The Peer Review Process: What Sets University Presses Apart

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“89/365: Judgment” by SarahMcGowen is licensed under CC BY-NC-SA 2.0

Today’s post is excerpted from THE BOOK PROPOSAL BOOK: A Guide for Scholarly Authors by Laura Portwood-Stacer (@lportwoodstacer). Copyright © 2021 by Laura Portwood-Stacer. Reprinted by permission of Princeton University Press.

When an author submits a book proposal to a university press, in a best-case scenario the acquiring editor will think the project is promising and want to go ahead with peer review of the proposal and some or all of the book manuscript. At some publishers, acquisitions editors present projects they are excited about to other press staff and are then approved by an internal committee to proceed with peer review. At other presses, editors can proceed with peer review at their own discretion. Peer review is a practice that distinguishes scholarly presses from other types of publishers, so it’s key for authors to understand how it works and what expectations will fall to them as a result.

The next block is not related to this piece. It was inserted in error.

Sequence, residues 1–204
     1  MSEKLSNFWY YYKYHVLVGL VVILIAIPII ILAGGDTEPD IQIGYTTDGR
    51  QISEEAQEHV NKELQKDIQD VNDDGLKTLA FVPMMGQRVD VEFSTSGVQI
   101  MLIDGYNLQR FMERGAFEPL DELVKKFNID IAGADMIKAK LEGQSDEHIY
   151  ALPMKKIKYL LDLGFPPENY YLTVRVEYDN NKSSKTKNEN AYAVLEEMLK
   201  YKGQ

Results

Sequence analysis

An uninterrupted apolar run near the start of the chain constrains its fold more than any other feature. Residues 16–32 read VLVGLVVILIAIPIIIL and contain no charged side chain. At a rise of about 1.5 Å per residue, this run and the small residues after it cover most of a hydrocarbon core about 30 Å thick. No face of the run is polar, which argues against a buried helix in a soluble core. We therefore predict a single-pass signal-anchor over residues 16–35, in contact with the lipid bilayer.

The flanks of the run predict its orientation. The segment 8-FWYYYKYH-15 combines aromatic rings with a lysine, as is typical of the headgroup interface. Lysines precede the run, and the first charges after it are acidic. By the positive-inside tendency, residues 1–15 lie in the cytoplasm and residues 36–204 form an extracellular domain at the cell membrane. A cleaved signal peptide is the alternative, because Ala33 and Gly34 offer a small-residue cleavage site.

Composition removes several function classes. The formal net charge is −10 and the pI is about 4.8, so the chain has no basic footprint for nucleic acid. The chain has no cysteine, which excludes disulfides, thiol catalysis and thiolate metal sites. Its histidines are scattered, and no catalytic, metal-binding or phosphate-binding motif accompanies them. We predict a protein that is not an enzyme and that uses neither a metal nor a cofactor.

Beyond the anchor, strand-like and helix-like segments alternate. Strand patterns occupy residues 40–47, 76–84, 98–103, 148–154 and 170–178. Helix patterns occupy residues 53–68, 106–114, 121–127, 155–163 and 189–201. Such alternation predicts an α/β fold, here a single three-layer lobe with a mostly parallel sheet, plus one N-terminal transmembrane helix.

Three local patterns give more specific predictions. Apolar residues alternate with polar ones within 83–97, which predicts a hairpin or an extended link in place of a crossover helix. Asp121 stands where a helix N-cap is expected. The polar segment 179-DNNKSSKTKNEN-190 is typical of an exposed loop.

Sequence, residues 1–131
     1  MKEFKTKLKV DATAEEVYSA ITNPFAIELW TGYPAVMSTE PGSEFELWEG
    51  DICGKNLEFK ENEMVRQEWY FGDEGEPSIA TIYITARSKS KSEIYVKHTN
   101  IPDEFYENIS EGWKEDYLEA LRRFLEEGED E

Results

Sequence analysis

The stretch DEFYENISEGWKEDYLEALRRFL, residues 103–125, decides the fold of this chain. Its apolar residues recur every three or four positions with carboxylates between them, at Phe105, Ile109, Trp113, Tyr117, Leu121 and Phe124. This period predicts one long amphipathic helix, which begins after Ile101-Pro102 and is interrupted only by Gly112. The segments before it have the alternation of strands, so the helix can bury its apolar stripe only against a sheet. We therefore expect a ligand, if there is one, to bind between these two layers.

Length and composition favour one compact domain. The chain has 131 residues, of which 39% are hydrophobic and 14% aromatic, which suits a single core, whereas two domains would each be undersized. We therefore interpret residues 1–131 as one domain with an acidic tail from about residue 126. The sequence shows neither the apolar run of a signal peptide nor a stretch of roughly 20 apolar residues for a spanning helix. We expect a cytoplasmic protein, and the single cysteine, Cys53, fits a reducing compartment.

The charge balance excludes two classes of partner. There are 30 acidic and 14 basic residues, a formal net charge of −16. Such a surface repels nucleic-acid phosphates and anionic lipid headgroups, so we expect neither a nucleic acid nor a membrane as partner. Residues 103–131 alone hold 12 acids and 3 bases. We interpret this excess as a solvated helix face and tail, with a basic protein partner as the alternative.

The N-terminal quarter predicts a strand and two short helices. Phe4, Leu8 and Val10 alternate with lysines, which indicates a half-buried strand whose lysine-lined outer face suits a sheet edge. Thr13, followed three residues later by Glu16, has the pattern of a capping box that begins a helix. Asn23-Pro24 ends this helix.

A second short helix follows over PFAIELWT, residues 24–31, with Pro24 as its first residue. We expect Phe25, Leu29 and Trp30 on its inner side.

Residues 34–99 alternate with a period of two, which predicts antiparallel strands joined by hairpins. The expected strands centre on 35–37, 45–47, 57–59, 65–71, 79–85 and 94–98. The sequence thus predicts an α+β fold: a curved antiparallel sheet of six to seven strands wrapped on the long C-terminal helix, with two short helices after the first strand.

If you make it to the peer review stage, your editor will ask you to provide the materials they need for review. Many presses will move forward to peer review with just a proposal and sample chapter or two; some presses prefer to wait on peer review until the author provides a full or nearly complete manuscript, especially for first-time authors.